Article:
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September 26, 1997     Cape Gazette
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September 26, 1997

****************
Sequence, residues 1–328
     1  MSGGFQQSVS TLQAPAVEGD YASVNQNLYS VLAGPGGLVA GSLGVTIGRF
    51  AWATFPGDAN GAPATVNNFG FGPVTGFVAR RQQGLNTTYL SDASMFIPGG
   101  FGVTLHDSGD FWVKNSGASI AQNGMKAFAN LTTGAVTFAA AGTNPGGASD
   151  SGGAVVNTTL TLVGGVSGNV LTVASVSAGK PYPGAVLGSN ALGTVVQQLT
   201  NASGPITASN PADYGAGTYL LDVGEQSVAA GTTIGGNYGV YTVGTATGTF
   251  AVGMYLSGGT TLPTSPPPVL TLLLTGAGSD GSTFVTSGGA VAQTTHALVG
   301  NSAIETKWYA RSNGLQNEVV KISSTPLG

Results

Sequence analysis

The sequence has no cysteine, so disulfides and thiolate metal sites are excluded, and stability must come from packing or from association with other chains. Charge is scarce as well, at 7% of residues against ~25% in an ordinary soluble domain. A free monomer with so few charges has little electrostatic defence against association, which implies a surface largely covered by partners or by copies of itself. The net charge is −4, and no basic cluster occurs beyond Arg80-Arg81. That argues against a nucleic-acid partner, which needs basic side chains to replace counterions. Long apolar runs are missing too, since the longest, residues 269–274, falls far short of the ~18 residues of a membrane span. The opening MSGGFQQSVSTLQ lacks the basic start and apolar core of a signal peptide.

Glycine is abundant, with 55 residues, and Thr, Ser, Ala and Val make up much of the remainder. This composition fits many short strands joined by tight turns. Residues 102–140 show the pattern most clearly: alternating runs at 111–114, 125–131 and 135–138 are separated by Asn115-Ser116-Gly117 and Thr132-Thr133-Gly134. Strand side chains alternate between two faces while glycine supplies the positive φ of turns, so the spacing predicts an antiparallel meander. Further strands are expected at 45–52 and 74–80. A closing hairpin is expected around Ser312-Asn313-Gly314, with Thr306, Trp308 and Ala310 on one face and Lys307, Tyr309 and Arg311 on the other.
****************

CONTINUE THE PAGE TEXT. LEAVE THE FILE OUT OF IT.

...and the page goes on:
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CAPE GAZETTE, Friday, September 26 - October 2, 1997 - SPORTS & OUTDOORS 79 Cape hockey smothers Seaford, ties Lake By Susan Frederick The tough thing about being top dog is that someone's always yap- ping at your heels. A young Lake Forest squad fought the 1996 Henlopen champi- on Vikings to a 0-0 overtime draw on Tuesday afternoon in Felton. The tie followed Cape's 5-0 roll over the Seaford Blue Jays last Thursday afternoon. The Lake defense, which toughed it out through 14 Cape corner opportunities, dodged a bullet three minutes into the over- time seven-on-seven play when Kelly Palekar broke into the open field and sent one that shot just right of the Spartan goal. It would be the only shot the Lake girls would allow in the period. "I'm disappointed," said Viking head coach Mike Eisenhour. "I don't think that we did mentally what we were capable of doing today. Lake did a good job defend- ing our corners. We didn't make the mental adjustments necessary to get past it." Cape got off nine shots on goal in the first period, but the Lake defense, anchored by Melissa Dill (12 saves) and halfback Corey Dennis, stymied the Cape attack. Cape rushed the goal early in the second half, but a pass from Kim Smith to Amanda Hopkins disap- peared among a crowd of Lake defenders. Midfielders Alison Gaffney and Jacki Warrington and Samantha Catts held Lake's front line in a midfield battle as the Spartans got off their first shot of the second half halfway through the period. The Lake offense erupted close to the twenty-minute mark, how- ever, when Cora Gerardi and Wendy Smith brought the ball upfield and the Spartans got off three shots on goal in less than two minutes. Erica Waples, who recorded her fifth shutout of the season, got help from Kim Smith and Amy Reardon in closing the door. "Coach (Eisenhour) has been pushing us goalies to play more aggressively," said Waples, who often runs ten yards or more to clear a ball or stop a shot. "Espe- cially with the no-offsides rule this year, goalies have to be aggressive in their play." "The shut-outs are not all mine," continued Waples. "We've been playing great defense, and the offense does its job - they're both part of the shutouts." If Eisenhour was disappointed, Lake Coach Pat Borowski saw the tie in a different light. "It was evenly played - both goalies had a beck of a game. We have a young team - we lost 13 seniors last year. This kind of game was very good experience for us. I think that both teams respect each other. We have a friendly rivalry going, and both squads tend to rise to the occa- sion." Tuesday's tie came on the heels of a lopsided 5-0 score over Seaford last Thursday. In that game, senior Kim Smith scored the first of her two goals from a Sarah Marshall pass early in the first period to put Cape up 1-0 at the half. Angie Moon photo Cape's Christina Hopkins (right) works to control the ball against a Lake Forest defender as help comes in from Amanda Hopkins (left) and Jackie Warrington. An Amanda Hopkins goal off a corner just 45 seconds into the second period was the first of four goals that the Vikings scored in the fn'stl0 minutes of play. Smith scored at 4:20 (Kelly Palekar assist), followed by a second goal by Amanda Hopkins (Palekar assist) at 7:25 and Jacki Warring- ton (Palekar assist) at 9:25. "We took this game too lightly," said Warrington of Tuesday's tie. "Hopefully, we'll be more focused from here on out." Cape amassed 27 shots against Seaford, who managed only five. Seaford goalie Anne Toulson had 20 saves. The Vikings outshot Lake 16-11 on Tuesday. In JV action, the Vikings tallied two ties in the last week, playing Seaford 0-0 and Lake 1-1. Lucy Short scored for the Vikings, while Tessa Weiss put Lake in the scoring column. The Vikings host- ed Caesar Rodney at home Thurs- day in post-deadline action. Bleeding the blue and gold of Cape Henlopen FUN-FUN FUNnl had fun, fun, fun 'til my daddy took the T- Bird away. Let him get his own cheap wine. Cape's 14-12 JV foot- ball victory over Sussex Central was fun to watch, fun to coach, and fun to play. "This is really fun," said offensive coordinator Dave Frederick (Do I know him? Maybe he's related to Bob?) after Johnny Howard threw a touch- down pass to Tommy Sheehan. Freshman Shane Massey recorded three sacks blitzing from his mid- dle linebacker position and Vaughn Ayers delighted the Pine- town Boosters Club by reversing his field on a sweep and almost breaking loose for an unorthodox Gale Sayers-like touchdown run. Fernando Velligas has emerged as a force on the defensive line and should see varsity action against Sussex Central. Cape's JV looked well-coached and showed great enthusiasm. Check them out next Monday afternoon at Sussex Tech. PUMPED AND PARTISAN- ! PEOPLE IN SPORTS Dave Frederick Let me answer a question thrown my .way several times this football season. I am not on the staff, I am not a coach and I am not an objec- tive neutral sportswriter. The coach Dave Frederick listed in the program is my son Dave who is a lot smarter than me but half as smart as his mother. When it comes to high school football, I bleed the blue and gold of Cape Henlopen. I suffered through years of neutral looks and objective sports reporting even when my sons were playing. But I'm tired of that mess. I am on the sidelines to add moral and spiritual support to the players who I see everyday in school. If Coach Donahue didn't want me there I'd be gone quicker than Mary Albert on Three's Company. MORE GREAT NAMES- Watching a college football game last weekend I was struck by the name of Nemesis Bates. Great name but not in the category of my all-time favorite, a basketball player from Tennessee named Baskerville Holmes. Remember I.M. Hipp from Nebraska7 And a running back from West Chester I knew personally (not in a bad way) named Tony Aspite, pro- make the call. BOOSTER SMOOSTER- The all-inclusive unified booster club concept is a bad idea. If my son plays football I could care less about the girls track team and whether they can afford to eat at " McDonalds after a meet. The trend in education is toward smaller units, not conglomerates. That is what site-based education and shared decision-making is all about. There are some great boost- ers clubs at Cape with parents who work their tails off because their children are involved with the team. Just leave them alone. The adults in pover don't actively sup- port all the sports by attendance at games so why put the trip of a uni- fied boosters club on active par- ents. Equality cannot be legislated. Some great banquets - namely football, lacrosse and the All Sports Banquet - have bitten (food reference) the roast beef because lazier and less-involved boosters clubs can't keep pace. Great sports parents usually leave the sports scene when their kids graduate. That's the natural cycle and it's a good thing. The enthusiasm of the :tlLl,$,lJtJLt ltt'x .llkJiJ -dtilJlJ It tJ/tJl parents evolves with the develop- ment and involvement of their child. That's the focus. Can't redi- rect it. Back off! MISSION POSSIBLE- The Cape soccer team posted great numbers last season 15-2-1 but no Henlopen Conference or State tro- phies. Over the years the confer- ence title has been lost by a game or sometimes a tie-breaker. Cape's 3-0 domination of nemesis Sussex Central last Thursday night is evi- dence of how many good players bring athleticism and experience to the program. The athletes are in place to beat anyone on the sched- ule. At the state level, St. Marks is reported to be in a class by them- selves. But on any given night, anybody is beatable. Cape needs a "bad attitude," but in a good way. BEAR DOWN- There is a rea- son sports seasons don't last all year round. Athletes can't concen- trate that long. That's also the rea- Continued on page 80